File access and permissions (Windows Runtime apps)

Applies to Windows and Windows Phone

Apps can access certain file system locations by default. Apps can also access additional locations through the file picker, or by declaring capabilities.

  • Applies to Windows
  • Applies to Windows Phone

Locations all apps can access

When you create a new app, you can access the following file system locations by default:

  • Application install directory. The folder where your app is installed on the user’s system.

    There are two primary ways to access files and folders in your app’s install directory:

    1. You can retrieve a StorageFolder that represents your app's install directory, like this:

      
      
      var installDirectory = Windows.ApplicationModel.Package.current.installedLocation;
      
      

      After you retrieve a StorageFolder that represents the install directory, you can access files and folders in the directory using StorageFolder methods. In the example, this StorageFolder is stored in the installDirectory variable. You can learn more about working with your app package and install directory by downloading the App package information sample.

    2. You can retrieve a file directly from your app's install directory by using an app URI, like this:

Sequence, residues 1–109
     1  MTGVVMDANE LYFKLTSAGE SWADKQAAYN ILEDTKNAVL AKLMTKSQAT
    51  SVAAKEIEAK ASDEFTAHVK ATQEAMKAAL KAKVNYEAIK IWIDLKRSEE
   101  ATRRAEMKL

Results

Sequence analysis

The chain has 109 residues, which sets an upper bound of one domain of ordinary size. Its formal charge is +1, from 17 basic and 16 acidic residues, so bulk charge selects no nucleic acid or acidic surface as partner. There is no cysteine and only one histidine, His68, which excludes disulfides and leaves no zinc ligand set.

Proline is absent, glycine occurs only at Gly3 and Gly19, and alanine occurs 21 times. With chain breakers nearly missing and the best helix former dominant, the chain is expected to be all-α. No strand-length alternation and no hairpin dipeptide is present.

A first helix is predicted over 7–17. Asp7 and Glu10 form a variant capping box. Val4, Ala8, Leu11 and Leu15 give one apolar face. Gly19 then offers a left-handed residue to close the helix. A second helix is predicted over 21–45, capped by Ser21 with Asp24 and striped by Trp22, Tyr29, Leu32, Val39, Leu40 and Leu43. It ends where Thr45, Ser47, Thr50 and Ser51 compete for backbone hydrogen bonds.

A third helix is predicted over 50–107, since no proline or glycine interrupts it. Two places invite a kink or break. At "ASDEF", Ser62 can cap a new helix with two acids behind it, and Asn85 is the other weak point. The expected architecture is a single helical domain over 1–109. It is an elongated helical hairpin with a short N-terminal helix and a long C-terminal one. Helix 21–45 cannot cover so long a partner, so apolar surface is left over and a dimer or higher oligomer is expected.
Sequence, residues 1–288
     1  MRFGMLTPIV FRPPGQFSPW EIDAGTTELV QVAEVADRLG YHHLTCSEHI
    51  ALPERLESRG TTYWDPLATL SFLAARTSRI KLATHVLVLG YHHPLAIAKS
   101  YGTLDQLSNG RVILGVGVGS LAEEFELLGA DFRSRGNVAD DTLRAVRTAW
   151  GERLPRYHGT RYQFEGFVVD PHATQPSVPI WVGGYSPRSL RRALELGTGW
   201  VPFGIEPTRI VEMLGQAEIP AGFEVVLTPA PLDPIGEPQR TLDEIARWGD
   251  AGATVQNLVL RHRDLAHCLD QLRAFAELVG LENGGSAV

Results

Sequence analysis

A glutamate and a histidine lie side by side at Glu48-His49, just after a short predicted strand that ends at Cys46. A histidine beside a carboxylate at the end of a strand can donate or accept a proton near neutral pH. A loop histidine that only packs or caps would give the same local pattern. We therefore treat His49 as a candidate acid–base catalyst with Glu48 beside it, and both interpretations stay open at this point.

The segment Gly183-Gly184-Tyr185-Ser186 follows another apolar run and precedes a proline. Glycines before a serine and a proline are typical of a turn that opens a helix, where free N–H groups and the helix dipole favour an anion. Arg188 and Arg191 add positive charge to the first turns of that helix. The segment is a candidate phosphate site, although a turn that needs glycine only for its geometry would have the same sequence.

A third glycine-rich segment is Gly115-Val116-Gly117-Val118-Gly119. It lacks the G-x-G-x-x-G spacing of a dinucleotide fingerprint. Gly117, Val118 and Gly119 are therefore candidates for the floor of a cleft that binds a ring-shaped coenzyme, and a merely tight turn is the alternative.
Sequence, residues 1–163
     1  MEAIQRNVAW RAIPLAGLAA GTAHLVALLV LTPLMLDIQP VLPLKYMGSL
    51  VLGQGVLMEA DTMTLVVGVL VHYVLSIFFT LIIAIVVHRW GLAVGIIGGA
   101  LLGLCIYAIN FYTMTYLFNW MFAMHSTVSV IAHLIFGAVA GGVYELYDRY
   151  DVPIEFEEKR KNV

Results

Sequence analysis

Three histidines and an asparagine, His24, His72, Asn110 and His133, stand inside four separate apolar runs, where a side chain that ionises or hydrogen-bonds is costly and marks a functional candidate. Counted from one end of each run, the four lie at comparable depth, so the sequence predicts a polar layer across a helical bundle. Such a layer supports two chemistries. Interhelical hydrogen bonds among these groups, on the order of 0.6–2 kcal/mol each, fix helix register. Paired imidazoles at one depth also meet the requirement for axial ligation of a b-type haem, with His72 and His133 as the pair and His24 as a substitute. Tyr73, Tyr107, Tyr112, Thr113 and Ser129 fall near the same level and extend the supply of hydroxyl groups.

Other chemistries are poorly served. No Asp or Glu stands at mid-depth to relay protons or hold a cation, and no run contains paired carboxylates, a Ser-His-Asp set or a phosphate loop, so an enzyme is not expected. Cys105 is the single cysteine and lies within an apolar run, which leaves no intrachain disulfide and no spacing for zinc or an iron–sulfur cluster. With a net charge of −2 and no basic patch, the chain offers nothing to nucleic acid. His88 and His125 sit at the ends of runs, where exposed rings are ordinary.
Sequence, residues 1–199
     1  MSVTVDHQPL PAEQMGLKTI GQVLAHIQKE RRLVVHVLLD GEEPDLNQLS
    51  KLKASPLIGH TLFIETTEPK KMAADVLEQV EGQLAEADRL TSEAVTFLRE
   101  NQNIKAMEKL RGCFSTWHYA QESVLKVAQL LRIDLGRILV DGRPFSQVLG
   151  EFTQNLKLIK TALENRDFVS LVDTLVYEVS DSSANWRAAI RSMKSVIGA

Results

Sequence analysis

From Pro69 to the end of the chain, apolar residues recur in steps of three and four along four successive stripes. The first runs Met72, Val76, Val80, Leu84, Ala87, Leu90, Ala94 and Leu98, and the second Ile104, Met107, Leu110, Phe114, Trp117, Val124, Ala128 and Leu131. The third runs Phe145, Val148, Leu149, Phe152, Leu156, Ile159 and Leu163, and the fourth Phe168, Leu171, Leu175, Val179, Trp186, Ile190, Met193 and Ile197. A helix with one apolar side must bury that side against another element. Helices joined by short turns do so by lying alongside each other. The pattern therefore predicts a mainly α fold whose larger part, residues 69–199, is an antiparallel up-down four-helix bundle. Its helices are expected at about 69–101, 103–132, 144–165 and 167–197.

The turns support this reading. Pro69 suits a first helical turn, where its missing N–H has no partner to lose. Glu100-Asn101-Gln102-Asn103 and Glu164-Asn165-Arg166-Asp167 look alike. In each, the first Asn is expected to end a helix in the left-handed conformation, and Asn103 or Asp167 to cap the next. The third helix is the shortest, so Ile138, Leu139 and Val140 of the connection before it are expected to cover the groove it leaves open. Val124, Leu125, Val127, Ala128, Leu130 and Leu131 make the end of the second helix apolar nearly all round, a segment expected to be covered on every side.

Windows.Storage.StorageFile.getFileFromApplicationUriAsync("ms-appx:///file.txt").done(
          function(file) {
              // Process file
          }
      );
      
      

      When GetFileFromApplicationUriAsync completes, it returns a StorageFile that represents the file.txt file in the app's install directory (file in the example).

      The "ms-appx:///" prefix in the URI refers to the app's install directory. You can learn more about using app URIs in How to use URIs to reference content.

    In addition, and unlike other locations, you can also access files in your app install directory by using some Win32 and COM for Windows Store apps and some C/C++ Standard Library functions from Microsoft Visual Studio.